David was no stranger to fear. He had been pursued by Saul who intended to kill him. Often, enemies had sought his life. Finally, rebellion racked his kingdom. He knew the twinge and tightening of fear. But he also knew what to do when fears came – “What time I am afraid, I will trust thee.”

Trust. What a good word!

Hudson Taylor was so feeble in the closing months of his life, that he wrote a friend, “I am so weak that I cannot work; I cannot read my Bible; I cannot even pray. I can only lie still in God’s arms like a little child and trust.” This great man of God came to a place of physical suffering and weakness where he could only lie still and trust. And that is all God asks in that hour. James McConkey gave this advice to those in the fierce fires of affliction: “Do not try to be strong. Just be still.”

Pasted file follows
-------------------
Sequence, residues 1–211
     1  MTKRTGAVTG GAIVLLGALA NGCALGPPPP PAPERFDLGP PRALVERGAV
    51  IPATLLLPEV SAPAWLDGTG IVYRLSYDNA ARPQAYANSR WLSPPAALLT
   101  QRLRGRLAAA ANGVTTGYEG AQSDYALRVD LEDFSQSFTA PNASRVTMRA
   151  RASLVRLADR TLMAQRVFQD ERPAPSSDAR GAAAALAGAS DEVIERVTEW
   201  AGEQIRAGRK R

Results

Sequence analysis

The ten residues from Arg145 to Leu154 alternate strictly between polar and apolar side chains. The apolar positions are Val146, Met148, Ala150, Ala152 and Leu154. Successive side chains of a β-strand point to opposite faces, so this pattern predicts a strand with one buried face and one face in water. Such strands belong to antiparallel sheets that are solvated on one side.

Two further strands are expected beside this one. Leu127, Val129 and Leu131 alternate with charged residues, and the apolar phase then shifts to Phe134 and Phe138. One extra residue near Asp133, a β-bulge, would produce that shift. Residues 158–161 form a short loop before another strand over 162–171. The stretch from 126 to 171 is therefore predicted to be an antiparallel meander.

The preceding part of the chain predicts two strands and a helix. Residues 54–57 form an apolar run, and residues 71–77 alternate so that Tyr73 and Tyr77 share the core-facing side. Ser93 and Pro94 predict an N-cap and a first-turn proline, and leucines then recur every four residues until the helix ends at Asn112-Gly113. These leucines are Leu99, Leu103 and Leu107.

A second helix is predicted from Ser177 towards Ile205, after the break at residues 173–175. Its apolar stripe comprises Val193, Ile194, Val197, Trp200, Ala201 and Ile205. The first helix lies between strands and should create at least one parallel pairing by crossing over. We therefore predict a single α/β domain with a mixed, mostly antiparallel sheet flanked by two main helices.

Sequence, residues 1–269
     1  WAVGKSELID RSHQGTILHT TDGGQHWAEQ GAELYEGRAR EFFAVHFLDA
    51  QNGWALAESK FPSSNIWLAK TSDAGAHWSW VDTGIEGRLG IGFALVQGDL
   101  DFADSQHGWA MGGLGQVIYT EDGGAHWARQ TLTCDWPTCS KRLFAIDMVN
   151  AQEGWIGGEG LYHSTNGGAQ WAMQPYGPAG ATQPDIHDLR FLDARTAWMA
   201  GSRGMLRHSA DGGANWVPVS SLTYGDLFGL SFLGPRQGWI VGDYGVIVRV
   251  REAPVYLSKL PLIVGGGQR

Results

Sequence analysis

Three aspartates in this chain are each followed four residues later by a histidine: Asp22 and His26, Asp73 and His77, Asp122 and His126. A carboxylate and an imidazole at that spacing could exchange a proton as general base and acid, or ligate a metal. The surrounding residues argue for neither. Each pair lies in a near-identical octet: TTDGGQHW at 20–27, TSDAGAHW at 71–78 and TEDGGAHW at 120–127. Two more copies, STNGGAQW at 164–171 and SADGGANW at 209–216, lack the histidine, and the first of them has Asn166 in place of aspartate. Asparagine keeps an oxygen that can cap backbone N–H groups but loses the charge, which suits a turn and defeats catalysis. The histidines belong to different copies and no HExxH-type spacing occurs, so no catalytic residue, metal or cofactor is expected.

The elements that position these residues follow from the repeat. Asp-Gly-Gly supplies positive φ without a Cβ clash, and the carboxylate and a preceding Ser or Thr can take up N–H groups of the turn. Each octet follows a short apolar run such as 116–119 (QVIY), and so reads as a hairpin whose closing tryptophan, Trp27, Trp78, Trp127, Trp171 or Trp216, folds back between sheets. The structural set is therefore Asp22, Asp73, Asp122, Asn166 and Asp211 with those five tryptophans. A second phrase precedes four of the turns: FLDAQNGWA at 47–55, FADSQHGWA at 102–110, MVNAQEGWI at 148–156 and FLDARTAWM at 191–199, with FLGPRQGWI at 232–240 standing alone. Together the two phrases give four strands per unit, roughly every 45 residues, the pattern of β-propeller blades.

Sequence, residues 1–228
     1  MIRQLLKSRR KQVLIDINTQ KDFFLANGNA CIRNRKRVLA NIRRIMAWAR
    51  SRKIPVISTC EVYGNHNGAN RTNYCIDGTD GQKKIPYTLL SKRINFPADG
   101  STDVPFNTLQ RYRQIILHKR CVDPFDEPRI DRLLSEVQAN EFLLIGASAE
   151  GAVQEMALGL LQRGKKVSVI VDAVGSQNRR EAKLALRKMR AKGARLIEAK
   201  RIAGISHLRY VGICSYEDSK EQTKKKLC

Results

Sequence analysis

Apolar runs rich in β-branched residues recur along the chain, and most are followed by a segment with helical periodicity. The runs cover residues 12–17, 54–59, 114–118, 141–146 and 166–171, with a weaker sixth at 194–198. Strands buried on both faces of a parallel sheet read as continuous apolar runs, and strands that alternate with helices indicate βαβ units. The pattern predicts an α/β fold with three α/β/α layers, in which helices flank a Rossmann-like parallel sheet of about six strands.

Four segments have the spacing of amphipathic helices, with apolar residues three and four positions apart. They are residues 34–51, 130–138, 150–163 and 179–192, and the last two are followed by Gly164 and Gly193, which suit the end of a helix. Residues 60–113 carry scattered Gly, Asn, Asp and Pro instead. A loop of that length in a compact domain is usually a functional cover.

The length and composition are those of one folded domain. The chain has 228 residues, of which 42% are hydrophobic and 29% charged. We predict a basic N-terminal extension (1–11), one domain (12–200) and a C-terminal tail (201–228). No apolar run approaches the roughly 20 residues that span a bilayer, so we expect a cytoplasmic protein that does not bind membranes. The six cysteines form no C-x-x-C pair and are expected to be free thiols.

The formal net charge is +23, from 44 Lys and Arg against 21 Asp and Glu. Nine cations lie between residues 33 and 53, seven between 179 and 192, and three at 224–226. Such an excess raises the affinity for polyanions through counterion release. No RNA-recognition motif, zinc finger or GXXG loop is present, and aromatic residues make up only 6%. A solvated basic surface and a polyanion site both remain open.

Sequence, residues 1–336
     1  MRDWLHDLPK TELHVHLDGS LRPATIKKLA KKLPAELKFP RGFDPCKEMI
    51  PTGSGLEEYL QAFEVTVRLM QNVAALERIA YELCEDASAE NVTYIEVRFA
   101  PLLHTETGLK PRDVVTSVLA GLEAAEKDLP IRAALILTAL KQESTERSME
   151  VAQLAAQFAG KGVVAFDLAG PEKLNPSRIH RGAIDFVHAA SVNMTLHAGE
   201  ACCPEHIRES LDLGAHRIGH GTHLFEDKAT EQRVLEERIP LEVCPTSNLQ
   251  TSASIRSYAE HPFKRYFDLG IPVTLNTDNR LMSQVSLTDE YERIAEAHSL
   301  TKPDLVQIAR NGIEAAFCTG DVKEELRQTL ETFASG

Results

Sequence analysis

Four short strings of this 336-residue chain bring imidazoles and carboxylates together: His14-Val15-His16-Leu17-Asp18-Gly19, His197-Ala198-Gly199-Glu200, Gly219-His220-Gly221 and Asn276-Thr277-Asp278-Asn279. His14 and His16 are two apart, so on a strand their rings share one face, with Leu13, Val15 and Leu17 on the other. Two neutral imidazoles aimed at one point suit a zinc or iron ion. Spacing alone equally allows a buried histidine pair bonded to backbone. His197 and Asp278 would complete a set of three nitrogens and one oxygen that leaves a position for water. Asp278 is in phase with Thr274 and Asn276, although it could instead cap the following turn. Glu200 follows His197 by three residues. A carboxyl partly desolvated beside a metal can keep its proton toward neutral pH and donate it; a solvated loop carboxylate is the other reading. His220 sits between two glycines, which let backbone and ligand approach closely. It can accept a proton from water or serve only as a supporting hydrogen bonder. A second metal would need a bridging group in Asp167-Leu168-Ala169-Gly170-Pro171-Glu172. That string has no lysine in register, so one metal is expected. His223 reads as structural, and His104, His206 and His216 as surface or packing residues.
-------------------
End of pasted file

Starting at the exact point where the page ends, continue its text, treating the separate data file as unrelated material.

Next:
How wonderfully the Bible meets us where we are! Scores of times the Scriptures advise us not to fear. Isaiah wrote: “I will trust, and not be afraid” (Isaiah 12:2). Yet, knowing that some would experience fear in spite of all assurances, direction is given to those already afraid. The call is for a move from trembling to trust.

But how does one trust when immobilized by fear?

There is but one answer. Fill your mind and heart with the promises of the Bible. Read the old familiar chapters that you love. Sing the old hymns that are full of Bible truth. Let God assure you with His Word.

Trust will grow — even in a trembling heart!